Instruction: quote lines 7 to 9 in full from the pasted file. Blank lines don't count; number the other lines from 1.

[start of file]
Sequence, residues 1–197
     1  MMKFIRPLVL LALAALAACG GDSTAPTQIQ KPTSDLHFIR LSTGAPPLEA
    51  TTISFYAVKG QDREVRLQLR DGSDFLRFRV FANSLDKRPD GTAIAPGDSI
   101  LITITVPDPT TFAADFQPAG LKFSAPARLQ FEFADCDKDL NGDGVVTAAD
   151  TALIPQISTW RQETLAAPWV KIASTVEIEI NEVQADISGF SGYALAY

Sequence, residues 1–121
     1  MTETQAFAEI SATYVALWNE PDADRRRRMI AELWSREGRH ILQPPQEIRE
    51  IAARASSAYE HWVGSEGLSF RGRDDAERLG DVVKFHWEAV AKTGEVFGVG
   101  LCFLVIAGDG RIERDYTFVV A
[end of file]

     1  MTETQAFAEI SATYVALWNE PDADRRRRMI AELWSREGRH ILQPPQEIRE
    51  IAARASSAYE HWVGSEGLSF RGRDDAERLG DVVKFHWEAV AKTGEVFGVG
   101  LCFLVIAGDG RIERDYTFVV A